When compiling a Bucket List there are few places more exciting than Kerry.
Situated in the province of Munster, Kerry is a coastal county with Ireland’s most westerly point on the Dingle peninsula.
Travel inland and discover ‘The Kingdom’ as one of the most mountainous regions on the Emerald Isle with a number of remote islands dotted along the coastline.
Kerry’s landscape resembles a stunning tapestry of a million shades of green dotted with rare Kerry cattle.
But despite much of the county being rural farmland, there is plenty to add to your Kerry Bucket List. The locals are friendly and the food is delicious (not to mention the Guinness!)
Here are just 10 of the many things to discover in Kerry although we have no doubt there are many more.
10. The Nun’s Beach, Ballybunion
Most people are aware of the many unspoiled beaches to visit in Kerry but The Nun’s Beach in Ballybunion is a bit of a hidden gem.
Surrounded by cliffs and admired by many from afar, it is a spot that needs some determination to reach.
After tentatively taking a path that has certainly seen better days you then have to abseil by rope to get to the beach.
Once down it is well worth the trip and although you might not get the same weather as Leonardo DiCaprio in ‘The Beach’, you will still feel just as delighted to have found such a precious stretch of sand.
Address: Ballybunion, Co. Kerry, Ireland
9. Skellig Chocolate Factory
The only thing better than the Wild Atlantic Way is stumbling across a chocolate factory in the middle of your trip. Skellig Chocolate Factory is my idea of heaven.
Open from Easter until September, it not only produces some of the most delicious chocolate on the planet but it also offers free tasting sessions.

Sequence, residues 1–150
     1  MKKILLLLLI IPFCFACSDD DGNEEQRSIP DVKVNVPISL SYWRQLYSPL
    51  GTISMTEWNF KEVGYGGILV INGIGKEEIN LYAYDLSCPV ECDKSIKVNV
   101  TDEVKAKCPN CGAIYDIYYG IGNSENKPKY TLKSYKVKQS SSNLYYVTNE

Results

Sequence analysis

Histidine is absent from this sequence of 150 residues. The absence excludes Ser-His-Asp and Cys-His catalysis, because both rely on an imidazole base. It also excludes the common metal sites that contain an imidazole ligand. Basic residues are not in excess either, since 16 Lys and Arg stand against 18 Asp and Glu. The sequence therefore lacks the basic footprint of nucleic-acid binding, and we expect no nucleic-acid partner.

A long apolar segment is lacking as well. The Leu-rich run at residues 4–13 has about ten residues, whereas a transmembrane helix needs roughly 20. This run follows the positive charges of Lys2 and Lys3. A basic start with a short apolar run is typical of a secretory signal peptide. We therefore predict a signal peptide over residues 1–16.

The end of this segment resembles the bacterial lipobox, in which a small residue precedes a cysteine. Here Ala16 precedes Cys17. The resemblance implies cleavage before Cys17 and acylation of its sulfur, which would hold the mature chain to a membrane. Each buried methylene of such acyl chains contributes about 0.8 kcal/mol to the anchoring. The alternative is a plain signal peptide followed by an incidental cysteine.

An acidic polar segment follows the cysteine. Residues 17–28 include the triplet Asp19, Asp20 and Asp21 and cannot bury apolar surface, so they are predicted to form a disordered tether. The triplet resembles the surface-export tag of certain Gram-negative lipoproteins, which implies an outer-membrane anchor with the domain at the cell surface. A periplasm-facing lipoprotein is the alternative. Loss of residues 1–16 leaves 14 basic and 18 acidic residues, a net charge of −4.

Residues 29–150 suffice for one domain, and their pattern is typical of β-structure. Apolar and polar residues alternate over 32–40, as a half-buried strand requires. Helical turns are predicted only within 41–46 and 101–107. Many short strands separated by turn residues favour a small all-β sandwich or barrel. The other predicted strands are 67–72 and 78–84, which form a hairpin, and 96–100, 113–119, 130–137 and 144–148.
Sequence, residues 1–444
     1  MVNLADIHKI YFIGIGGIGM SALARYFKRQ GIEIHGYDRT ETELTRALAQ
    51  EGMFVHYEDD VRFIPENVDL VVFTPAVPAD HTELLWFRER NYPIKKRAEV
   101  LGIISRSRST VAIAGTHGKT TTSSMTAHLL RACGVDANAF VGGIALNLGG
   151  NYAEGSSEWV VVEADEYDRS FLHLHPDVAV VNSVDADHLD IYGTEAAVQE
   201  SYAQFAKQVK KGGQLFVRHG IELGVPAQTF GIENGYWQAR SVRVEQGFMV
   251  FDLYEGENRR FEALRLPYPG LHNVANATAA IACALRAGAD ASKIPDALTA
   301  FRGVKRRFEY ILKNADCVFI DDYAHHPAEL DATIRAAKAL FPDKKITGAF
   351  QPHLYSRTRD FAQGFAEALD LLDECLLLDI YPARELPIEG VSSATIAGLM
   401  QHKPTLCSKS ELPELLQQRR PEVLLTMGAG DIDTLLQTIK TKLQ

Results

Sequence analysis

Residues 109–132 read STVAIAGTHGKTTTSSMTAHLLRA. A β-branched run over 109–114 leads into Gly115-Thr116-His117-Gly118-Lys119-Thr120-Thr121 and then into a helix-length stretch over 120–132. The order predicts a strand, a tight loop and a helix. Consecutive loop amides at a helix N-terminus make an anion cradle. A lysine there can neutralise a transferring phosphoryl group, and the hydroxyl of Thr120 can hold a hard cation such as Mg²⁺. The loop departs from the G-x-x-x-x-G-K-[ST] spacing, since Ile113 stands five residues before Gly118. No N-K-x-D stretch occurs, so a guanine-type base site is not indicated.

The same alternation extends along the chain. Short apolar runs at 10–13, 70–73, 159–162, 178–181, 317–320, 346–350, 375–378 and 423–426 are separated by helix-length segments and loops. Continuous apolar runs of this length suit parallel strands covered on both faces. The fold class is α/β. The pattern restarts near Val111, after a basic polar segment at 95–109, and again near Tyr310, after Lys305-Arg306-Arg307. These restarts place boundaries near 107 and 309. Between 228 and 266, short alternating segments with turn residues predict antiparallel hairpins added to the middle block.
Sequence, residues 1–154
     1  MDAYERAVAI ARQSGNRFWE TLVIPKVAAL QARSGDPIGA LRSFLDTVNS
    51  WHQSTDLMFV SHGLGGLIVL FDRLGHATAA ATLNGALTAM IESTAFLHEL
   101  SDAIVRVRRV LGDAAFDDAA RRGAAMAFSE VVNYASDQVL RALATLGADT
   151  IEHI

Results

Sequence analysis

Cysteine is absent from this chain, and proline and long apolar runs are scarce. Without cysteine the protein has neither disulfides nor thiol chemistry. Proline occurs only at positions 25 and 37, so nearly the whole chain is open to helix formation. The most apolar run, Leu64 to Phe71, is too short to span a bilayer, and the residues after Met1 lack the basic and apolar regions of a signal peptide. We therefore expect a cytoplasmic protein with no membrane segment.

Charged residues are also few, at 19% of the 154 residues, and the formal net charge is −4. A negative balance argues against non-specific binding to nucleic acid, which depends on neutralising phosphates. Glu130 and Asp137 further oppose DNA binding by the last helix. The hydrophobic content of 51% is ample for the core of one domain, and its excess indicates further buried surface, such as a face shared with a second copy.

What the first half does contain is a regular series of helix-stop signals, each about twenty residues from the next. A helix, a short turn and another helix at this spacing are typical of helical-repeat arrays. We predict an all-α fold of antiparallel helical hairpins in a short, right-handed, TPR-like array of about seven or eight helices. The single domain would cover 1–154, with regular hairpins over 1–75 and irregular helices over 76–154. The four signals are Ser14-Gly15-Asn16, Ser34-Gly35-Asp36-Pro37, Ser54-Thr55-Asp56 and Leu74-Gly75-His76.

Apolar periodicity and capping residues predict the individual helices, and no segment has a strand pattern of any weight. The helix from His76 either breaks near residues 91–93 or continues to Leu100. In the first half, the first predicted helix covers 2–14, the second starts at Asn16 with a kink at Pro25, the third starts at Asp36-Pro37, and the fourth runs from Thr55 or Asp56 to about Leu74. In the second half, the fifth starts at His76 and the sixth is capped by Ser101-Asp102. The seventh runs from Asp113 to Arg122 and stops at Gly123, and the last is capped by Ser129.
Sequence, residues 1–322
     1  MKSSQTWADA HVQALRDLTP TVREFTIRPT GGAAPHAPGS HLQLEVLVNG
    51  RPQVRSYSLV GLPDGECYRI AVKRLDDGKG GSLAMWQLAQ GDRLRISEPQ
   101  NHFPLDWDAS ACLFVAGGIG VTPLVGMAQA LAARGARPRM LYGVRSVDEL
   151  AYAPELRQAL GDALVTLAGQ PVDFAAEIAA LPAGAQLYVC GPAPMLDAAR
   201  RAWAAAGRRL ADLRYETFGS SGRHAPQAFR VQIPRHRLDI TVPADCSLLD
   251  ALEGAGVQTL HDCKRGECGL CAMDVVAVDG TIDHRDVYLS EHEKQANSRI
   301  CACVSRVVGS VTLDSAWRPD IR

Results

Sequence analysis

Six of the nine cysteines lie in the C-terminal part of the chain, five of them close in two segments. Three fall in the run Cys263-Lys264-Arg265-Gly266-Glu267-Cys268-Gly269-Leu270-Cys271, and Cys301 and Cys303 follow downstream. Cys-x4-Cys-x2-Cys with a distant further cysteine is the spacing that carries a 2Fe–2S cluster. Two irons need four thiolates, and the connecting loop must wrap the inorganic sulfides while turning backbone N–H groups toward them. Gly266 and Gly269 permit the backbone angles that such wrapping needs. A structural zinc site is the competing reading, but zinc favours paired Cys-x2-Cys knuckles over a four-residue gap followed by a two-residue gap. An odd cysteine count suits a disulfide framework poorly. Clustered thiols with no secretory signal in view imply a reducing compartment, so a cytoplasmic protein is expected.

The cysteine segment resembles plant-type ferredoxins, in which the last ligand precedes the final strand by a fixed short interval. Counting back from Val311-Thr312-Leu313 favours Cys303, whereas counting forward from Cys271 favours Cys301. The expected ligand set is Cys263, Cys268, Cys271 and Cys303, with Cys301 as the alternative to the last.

Outdoor seating is the perfect place to enjoy a delectable hot chocolate overlooking the Skellig’s Rock.
There is even a playground nearby to entertain the children. Pure bliss!
Address: St. Finians Bay, The Glen, Ballinskelligs, Co. Kerry, Ireland
8. Killarney National Park
The first national park in Ireland, this jaw-dropping spot is a place of utter beauty.
With clear lakes serving as mirrors for rugged mountains and natural woodland home to many treasured flora and fauna, Killarney National Park is somewhere really special.
With Killarney as your base, the Park is best explored either on foot or by bike, which can be easily hired in the town.
For added adventure kayaking or canoeing can be enjoyed on the freshwater lakes. Just make sure to apply for a permit well in advance.
Address: Co. Kerry, Ireland
7. The Skellig Islands
For Star Wars fans a trip to the Skellig islands is a Kerry Bucket List must. Used as the location for Star Wars: The Force Awakens and more recently Star Wars: The Last Jedi you can walk in the very same footsteps as Luke Skywalker.
But even if Star Wars is not your thing, Skellig Michael and its close neighbour Little Skellig is a sight to behold and with a colony of Atlantic Puffins nesting there during the warmer months, it is a place of natural beauty.
6. Puck Fair
If you only go to one festival this summer make it Puck Fair in Killorglin. It is three days of drinking in awesome pubs, dancing in the street and worshipping a mountain goat. What more do you want?
Dating back to Pagan Ireland this is believed to be the oldest fair in the country and is the only place where ‘humans act the goat and the goat acts the King!’